UGC to let central, top state varsities have more autonomy | Hindustan Times
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UGC to let central, top state varsities have more autonomy

education Updated: Jan 11, 2018 12:31 IST
Neelam Pandey
Central universities such as Delhi University will be able to launch new departments, programmes, schools and centres without the regulator’s approval.

Central universities such as Delhi University will be able to launch new departments, programmes, schools and centres without the regulator’s approval.(Representative image)

The University Grants Commission (UGC) approved on Tuesday a set of regulations aimed at decentralising power, which will allow central universities such as Delhi University to launch new departments, programmes, schools and centres without the regulator’s approval.

The UGC, the country’s higher education regulator, will extend the privilege to top-performing state universities as well.

The UGC (Categorization of Universities for Grant of Graded Autonomy) Regulations 2018 was approved at a meeting of the commission on Tuesday.

Top-ranking institutions will now be relatively free of the UGC’s regulatory control. The proposal will now be sent to the human resource development (HRD) ministry for its consent before a notification is sent out.

The regulations divide all UGC-recognised public, private and deemed universities into three categories, each of which will get different degrees of autonomy.

Universities accredited by the National Assessment and Accreditation Council (NAAC), which assesses and accredits higher education Institutions, with a score of at least 3.5 or above will be parked in Category I.

Officials said these universities will be free to start a new course, department and school, fix their fee structure for self-financing programmes, and collaborate with foreign educational institutions without seeking the UGC’s permission. Also, such universities will be exempt from the UGC’s regular inspections. These will be appraised on the basis of self-reporting.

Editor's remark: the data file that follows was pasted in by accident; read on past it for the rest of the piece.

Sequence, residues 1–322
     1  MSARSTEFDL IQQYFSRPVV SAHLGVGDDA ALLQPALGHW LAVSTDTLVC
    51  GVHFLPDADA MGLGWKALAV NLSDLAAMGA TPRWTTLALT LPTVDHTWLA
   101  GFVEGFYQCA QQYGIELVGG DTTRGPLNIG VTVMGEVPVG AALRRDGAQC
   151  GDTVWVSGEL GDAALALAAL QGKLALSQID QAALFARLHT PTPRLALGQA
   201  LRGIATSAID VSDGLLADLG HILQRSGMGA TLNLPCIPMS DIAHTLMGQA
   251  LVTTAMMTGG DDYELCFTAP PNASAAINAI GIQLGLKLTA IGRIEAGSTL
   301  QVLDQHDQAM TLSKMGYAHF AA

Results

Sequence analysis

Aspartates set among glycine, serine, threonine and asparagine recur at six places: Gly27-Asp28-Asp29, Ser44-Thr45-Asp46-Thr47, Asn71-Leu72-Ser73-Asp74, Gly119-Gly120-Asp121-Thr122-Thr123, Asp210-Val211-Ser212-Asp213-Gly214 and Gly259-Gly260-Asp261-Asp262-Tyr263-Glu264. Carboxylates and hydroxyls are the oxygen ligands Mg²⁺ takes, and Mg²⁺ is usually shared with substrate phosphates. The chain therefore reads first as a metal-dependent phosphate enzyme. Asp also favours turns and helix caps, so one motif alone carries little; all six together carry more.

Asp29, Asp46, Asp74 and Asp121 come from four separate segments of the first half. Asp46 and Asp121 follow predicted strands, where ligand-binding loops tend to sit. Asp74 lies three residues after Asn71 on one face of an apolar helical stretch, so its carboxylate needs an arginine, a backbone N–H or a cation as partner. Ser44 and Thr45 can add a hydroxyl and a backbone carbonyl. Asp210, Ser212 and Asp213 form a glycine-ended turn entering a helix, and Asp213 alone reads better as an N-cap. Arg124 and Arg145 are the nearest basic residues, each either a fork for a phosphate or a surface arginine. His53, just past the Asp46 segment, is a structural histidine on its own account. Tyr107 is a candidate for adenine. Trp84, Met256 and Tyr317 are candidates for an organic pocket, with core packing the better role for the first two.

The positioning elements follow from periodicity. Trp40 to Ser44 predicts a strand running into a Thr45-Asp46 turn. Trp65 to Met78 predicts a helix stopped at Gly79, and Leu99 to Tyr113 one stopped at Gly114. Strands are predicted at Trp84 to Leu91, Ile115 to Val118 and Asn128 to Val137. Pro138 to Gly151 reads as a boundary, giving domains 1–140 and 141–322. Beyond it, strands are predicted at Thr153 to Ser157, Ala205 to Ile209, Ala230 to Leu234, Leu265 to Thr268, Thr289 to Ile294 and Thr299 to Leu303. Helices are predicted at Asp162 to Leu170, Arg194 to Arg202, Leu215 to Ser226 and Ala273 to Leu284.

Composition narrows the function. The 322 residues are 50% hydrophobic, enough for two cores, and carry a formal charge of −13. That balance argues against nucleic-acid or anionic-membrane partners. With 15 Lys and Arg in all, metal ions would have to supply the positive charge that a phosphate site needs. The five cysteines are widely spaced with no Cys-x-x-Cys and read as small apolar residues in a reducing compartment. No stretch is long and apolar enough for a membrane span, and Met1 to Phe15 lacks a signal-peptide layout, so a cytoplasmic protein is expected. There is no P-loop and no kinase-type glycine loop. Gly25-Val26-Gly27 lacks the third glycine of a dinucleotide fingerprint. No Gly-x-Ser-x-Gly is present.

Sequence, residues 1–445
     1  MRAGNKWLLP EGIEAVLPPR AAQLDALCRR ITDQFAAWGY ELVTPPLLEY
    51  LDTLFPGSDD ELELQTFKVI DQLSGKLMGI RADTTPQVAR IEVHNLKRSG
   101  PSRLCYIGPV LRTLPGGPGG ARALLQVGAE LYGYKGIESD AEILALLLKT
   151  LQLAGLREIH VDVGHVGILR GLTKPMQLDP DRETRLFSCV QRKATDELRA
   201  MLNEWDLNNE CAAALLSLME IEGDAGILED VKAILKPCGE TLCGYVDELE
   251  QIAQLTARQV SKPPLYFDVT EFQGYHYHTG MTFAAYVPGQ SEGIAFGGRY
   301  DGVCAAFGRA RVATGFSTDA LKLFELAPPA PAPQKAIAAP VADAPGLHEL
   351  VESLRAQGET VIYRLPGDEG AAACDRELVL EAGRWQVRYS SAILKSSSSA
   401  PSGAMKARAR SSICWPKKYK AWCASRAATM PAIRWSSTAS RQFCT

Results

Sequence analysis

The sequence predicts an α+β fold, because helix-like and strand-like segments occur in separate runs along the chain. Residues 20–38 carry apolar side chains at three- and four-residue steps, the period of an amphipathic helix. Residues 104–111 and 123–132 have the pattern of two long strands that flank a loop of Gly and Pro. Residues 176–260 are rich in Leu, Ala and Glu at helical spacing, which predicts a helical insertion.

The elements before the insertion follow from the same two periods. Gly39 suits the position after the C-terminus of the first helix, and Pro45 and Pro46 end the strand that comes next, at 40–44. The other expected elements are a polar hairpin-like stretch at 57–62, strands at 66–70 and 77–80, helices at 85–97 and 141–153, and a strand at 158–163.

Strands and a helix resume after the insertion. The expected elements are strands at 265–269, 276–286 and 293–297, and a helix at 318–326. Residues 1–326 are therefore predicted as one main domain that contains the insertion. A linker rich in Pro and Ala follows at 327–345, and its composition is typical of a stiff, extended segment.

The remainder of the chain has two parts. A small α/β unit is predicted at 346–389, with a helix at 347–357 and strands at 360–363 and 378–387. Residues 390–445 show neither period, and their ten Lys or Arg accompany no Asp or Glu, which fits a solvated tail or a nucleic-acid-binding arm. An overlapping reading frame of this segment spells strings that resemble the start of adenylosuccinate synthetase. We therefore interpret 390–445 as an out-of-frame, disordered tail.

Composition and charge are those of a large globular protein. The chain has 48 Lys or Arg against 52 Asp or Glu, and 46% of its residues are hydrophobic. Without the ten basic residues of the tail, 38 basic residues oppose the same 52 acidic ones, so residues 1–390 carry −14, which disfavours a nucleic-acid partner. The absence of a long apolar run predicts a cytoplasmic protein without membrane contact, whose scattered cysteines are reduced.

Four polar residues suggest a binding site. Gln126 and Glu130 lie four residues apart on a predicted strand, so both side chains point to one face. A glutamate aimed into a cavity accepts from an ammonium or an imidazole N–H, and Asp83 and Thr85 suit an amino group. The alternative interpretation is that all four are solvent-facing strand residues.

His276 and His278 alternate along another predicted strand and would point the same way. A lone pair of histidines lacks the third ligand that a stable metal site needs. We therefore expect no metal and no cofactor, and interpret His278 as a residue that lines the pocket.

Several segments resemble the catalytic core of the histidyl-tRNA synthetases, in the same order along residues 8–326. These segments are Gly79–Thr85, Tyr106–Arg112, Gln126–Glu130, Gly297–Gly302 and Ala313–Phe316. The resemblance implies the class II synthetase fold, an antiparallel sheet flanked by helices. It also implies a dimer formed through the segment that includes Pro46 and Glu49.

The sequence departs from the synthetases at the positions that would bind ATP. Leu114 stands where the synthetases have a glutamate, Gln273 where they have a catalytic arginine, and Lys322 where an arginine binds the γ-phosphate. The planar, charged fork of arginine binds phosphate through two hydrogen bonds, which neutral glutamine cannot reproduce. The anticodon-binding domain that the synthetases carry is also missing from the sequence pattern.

The commission will also allow these institutions to hire international talent, ranging up to 20% of its total faculty strength and fill up to 20% of its seats with students from other countries.

To be eligible for Category II, universities should have the NAAC accreditation with a score between 3.25 and 3.5. The first two categories will be accorded greater autonomy by the UGC.

Institutions in Category III will be the most regulated and will not enjoy any of the exemptions.

“Central universities and state universities in Category I will be able to open research parks, incubation centres and university society linkage centres in self-financing mode either on its own, or in partnership with private partners, without the UGC’s approval,” the proposed rules state.

According to a senior UGC official, central universities often face unnecessary hurdles while launching new courses and departments. “The idea is to free at least the top 100 universities from the inspection regime, giving them greater freedom. If a university wants to start courses they can go ahead without our permission. However, they will have to do it with their own resources. The funding they currently receive will remain,” the official said.

The UGC will put out dates, at least twice a year, for universities to place a request seeking the category they want to be.

 

 

 

 

 

 

 

 

 

 

 

 

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